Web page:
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Am J Public Health. 2010 Apr;100(4):693-701. doi: 10.2105/AJPH.2008.150508. Epub 2009 Jul 16.

Smoking as a risk factor for prostate cancer: a meta-analysis of 24 prospective cohort studies.

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  • 1Meta-Analysis Research Group, Columbia, SC 29209, USA.

Abstract

OBJECTIVES:

We evaluated the relationship between smoking and adenocarcinoma of the prostate.

METHODS:

We pooled data from 24 cohort studies enrolling 21 579 prostate cancer case participants for a general variance-based meta-analysis. Summary relative risks (RRs) and 95% confidence intervals (CIs) were calculated separately for mortality and incidence studies. We tested the robustness of effect measures and evaluated statistical heterogeneity with sensitivity analyses.

RESULTS:

In the pooled data, current smokers had no increased risk of incident prostate cancer (RR = 1.04; 95% CI = 0.87, 1.24), but in data stratified by amount smoked they had statistically significant elevated risk (cigarettes per day or years: RR = 1.22; 95% CI = 1.01, 1.46; pack years of smoking: RR = 1.11; 95% CI = 1.01, 1.22). Former smokers had an increased risk (RR = 1.09; 95% CI = 1.02, 1.16). Current smokers had an increased risk of fatal prostate cancer (RR = 1.14; 95% CI = 1.06, 1.19). The heaviest smokers had a 24% to 30% greater risk of death from prostate cancer than did nonsmokers.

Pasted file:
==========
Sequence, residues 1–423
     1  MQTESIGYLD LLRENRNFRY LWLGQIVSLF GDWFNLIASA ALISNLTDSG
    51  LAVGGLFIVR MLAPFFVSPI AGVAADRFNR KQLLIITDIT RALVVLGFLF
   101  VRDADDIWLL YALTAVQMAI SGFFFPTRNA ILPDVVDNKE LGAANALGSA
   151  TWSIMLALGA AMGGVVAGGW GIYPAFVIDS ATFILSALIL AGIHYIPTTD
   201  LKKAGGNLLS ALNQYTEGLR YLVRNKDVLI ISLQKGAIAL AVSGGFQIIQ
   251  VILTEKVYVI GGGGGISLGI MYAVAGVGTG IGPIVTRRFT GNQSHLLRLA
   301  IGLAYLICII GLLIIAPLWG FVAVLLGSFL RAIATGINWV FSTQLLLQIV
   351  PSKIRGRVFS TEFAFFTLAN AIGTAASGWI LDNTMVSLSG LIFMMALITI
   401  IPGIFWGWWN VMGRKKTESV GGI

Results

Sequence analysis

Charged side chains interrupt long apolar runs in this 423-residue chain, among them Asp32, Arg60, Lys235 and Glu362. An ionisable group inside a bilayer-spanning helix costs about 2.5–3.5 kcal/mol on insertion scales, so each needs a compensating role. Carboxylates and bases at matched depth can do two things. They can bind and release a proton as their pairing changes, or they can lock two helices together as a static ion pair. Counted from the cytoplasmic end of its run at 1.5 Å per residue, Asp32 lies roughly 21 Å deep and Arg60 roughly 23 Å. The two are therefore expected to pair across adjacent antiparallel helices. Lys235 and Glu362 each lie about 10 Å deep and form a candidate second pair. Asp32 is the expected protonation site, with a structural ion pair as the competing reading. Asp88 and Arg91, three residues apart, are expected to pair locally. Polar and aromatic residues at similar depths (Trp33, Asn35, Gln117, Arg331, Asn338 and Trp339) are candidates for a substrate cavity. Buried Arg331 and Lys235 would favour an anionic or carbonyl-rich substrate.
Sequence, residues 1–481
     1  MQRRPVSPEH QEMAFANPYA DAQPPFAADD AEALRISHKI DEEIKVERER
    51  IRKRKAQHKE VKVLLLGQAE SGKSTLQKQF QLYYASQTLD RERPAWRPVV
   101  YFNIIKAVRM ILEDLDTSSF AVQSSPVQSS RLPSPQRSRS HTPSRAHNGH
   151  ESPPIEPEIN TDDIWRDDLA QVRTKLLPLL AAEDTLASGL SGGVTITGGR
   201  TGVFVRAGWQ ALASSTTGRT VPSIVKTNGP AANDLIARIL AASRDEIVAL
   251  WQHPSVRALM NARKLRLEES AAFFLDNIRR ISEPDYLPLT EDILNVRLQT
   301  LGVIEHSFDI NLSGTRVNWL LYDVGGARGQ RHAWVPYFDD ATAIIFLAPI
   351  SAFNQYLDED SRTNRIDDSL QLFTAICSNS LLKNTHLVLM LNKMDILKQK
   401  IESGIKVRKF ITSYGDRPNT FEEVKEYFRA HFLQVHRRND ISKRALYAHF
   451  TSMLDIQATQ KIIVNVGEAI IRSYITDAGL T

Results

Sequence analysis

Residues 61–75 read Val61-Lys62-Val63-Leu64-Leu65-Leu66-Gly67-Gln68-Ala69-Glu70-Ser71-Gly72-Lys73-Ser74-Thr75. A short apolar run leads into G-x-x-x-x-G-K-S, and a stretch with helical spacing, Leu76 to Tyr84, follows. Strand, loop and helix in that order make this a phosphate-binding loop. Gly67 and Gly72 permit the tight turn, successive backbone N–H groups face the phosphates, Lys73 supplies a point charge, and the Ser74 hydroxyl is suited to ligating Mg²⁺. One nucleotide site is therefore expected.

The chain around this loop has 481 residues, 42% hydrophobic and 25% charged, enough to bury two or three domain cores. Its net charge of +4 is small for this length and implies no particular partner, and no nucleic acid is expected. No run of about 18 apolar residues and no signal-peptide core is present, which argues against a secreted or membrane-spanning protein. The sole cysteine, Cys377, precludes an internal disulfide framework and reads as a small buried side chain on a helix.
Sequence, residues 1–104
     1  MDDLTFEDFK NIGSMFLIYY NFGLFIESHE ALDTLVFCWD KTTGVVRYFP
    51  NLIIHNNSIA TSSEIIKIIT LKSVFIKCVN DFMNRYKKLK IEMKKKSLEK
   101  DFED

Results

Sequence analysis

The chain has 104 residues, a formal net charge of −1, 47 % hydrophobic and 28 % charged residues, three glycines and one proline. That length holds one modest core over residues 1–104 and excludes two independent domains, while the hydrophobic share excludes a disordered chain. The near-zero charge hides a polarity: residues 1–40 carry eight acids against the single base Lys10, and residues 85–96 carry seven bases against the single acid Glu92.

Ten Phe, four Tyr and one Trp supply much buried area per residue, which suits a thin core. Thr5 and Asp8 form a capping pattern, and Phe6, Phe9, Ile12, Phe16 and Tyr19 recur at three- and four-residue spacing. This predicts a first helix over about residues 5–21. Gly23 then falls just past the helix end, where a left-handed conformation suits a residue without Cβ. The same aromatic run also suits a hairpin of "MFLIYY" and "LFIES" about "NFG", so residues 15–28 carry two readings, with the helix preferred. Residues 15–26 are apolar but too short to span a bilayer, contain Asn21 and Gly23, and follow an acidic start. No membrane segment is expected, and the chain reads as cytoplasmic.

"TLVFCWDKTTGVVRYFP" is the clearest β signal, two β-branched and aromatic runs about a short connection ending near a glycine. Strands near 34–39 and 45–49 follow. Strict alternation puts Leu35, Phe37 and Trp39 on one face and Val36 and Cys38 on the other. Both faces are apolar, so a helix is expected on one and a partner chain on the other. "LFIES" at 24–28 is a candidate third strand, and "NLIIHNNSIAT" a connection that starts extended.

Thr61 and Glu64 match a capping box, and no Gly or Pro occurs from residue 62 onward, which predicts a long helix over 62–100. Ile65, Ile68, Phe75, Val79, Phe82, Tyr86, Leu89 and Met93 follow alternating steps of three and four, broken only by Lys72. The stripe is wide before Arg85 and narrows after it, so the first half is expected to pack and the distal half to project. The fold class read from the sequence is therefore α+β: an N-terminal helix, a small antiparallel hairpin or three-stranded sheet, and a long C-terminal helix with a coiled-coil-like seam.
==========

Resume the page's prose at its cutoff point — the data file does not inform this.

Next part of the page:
CONCLUSIONS:

Observational cohort studies show an association of smoking with prostate cancer incidence and mortality. Ill-defined exposure categories in many cohort studies suggest that pooled data underestimate risk.

PMID:
19608952
[PubMed - indexed for MEDLINE]
PMCID:
PMC2836346
Free PMC Article
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